All un-united fractures progressed to union, and a typical example is shown in Figure 1. Functional outcome was good even in those patients with a long interval between injury and surgery. The average Constant shoulder score was 63 (range, 54-81). There were no wound complications, no postoperative neurovascular problems and no significant donor site morbidities. Migration of a single proximal screw was observed in 2 patients, which resulted in a localized prominence with mild discomfort in the lateral deltoid area. These symptoms resolved following removal of the screws, under local anesthesia, at 5 and 12 months, postoperatively. One patient had bilateral proximal humerus non-unions that had resulted from non-simultaneous injuries. One was treated by cemented hemiarthroplasty and the other by a Polarus nail with autologous bone grafting. The side with the hemiarthroplasty did not function as well when compared to the nailed side.
Non-union of the proximal humerus is a debilitating problem which can be difficult to treat. Various operative treatments with varying rates of success have been described.
Complications following Rush rods with autologous bone grafting include persistent non-union and symptomatic metalwork migration. Scheck reported good results in 5 patients treated with this method. However, Nayak et al.  reported poor results in a similar group of 10 patients. Non-union persisted in 2 patients, osteonecrosis of the humeral head developed in 2 patients, while 8 patients required removal of the Rush rods for mechanical impingement.
Plate fixation with autologous bone grafting has been shown to give better results when compared with Rush rod fixation or hemiarthroplasty.[9,11,12,15] However, soft tissue stripping during plate fixation may increase the risk of osteonecrosis of the humeral head. Sturzenegger et al. reported osteonecrosis in 34% of patients treated with t-plate fixation, although this may have been due to the severity of the fracture. Symptomatic metalwork impingement and soft tissue adhesion to the plate are also recognized complications of this method. However, Walch et al. reported a low complication rate and 96% union with plate fixation when combined with intramedullary bone peg insertion and cancellous bone grafting.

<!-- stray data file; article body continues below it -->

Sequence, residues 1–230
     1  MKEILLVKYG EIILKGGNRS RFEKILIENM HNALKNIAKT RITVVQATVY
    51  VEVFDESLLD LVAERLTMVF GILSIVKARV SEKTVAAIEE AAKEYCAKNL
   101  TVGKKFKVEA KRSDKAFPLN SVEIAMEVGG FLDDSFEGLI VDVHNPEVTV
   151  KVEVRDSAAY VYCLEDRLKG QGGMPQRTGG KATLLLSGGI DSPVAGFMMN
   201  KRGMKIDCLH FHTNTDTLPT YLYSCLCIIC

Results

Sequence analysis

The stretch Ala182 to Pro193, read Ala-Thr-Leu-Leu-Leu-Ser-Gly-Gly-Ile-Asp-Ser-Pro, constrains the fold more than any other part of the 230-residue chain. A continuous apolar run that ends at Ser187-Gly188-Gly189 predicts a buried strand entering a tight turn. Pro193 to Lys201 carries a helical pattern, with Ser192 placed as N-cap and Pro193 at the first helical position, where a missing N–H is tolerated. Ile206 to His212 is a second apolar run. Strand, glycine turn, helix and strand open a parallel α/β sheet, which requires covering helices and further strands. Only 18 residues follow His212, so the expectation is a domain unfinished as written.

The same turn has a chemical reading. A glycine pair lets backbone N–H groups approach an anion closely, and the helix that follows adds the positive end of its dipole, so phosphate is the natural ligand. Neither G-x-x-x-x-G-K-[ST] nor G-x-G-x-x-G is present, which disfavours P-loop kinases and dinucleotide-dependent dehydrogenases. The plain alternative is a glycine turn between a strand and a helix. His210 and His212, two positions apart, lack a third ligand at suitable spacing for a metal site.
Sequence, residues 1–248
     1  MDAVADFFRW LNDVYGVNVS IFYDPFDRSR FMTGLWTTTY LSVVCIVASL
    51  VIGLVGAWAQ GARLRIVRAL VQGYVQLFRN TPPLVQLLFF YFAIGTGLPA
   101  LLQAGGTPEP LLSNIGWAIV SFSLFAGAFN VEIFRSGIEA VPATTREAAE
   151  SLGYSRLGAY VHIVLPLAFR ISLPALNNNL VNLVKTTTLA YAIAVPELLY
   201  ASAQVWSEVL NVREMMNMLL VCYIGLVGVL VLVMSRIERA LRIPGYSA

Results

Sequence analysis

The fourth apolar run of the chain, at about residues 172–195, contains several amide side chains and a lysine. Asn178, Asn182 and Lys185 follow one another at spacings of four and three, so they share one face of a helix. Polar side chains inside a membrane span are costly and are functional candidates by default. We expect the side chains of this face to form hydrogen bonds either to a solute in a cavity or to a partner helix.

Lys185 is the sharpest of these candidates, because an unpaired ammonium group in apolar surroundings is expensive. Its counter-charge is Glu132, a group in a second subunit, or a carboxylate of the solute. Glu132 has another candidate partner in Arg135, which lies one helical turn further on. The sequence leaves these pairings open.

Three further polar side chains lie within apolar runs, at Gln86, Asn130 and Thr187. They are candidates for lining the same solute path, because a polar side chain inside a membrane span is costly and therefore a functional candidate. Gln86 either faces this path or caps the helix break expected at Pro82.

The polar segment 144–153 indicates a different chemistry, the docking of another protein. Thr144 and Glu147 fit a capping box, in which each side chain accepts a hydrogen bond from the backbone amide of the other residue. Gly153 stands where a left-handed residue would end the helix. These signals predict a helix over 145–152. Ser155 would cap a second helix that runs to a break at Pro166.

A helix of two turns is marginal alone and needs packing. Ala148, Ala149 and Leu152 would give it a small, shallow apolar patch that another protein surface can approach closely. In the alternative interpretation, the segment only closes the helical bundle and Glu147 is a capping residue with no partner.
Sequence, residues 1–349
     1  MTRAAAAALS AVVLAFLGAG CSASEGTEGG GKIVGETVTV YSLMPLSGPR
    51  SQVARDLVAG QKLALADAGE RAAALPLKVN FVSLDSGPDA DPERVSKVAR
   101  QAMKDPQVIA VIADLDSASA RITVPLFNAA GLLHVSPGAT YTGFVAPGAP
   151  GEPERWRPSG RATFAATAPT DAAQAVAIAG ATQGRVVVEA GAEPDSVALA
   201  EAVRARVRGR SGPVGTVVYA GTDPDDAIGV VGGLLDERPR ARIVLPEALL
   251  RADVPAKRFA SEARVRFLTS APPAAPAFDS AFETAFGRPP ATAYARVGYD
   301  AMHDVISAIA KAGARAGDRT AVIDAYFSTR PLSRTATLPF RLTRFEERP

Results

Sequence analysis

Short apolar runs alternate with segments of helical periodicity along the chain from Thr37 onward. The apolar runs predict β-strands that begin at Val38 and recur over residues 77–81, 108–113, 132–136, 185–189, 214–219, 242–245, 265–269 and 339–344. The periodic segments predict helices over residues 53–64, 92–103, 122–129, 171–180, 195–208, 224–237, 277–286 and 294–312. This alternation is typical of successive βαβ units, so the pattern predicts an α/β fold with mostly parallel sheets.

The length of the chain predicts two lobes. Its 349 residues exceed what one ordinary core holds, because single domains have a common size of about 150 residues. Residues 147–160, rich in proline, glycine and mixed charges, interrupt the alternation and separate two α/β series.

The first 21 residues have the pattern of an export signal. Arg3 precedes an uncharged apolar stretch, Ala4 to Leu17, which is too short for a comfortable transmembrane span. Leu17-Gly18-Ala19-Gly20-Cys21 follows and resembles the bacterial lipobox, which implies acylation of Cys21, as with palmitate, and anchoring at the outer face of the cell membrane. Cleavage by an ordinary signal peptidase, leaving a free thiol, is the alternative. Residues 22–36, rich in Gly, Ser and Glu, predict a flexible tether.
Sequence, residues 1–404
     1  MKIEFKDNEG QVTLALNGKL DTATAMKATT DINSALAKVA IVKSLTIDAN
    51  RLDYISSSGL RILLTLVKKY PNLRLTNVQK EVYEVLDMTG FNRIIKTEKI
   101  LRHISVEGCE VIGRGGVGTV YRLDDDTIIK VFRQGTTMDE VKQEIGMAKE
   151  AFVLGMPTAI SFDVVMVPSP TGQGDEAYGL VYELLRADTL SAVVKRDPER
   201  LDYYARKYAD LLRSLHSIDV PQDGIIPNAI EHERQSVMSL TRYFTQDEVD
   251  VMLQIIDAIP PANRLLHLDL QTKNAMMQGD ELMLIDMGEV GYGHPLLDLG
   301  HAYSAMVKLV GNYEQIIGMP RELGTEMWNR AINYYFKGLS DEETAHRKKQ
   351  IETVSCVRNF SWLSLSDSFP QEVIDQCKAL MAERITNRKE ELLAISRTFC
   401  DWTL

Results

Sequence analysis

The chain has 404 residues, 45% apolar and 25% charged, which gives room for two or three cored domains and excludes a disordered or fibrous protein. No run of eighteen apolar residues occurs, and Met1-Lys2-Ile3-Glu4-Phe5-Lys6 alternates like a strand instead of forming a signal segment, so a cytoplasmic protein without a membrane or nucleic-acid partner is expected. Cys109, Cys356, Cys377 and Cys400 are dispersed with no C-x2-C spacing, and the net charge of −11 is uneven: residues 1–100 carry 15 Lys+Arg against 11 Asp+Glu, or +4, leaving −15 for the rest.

The treatment of surgical neck non-unions with a locked intramedullary nail has previously been described. The locking nail used was designed and manufactured at the center where the study took place. Fourteen out of 15 patients united, but there was a high complication rate: 2 patients had iatrogenic fractures, 2 had locking screws misplaced, 2 screws became loose and 1 suffered a postoperative brachial plexus injury.
All 7 un-united fractures in our study progressed to union. As follow-up was at varying intervals, no conclusions have been drawn regarding time to union. Apart from migration of a single proximal locking screw in 2 patients, there were no complications. In our experience, a locked proximal humeral nail in combination with autologous cancellous bone grafting is a safe and reliable technique for the treatment of non-union of the proximal humerus. We believe that the success of this technique is due to several reasons: 1) There is minimal soft tissue stripping of the proximal fragment during insertion, thereby avoiding further vascular compromise of the humeral head; 2) the fracture fixation is load-sharing, the biomechanics of which help stimulate bone formation; 3) proximal locking by up to 4 divergent cancellous screws provides multiplanar stability, allowing early mobilization of the shoulder. When compared with other nails, the Polarus device has been shown to give a more stable and rigid construct between bone and nail. Proximal humerus non-unions are more often a consequence of instability rather than a problem with vascularity. Therefore, in some cases stabilization with a locked proximal humeral nail without bone grafting could be a further treatment option.
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Conflict of Interest: None declared.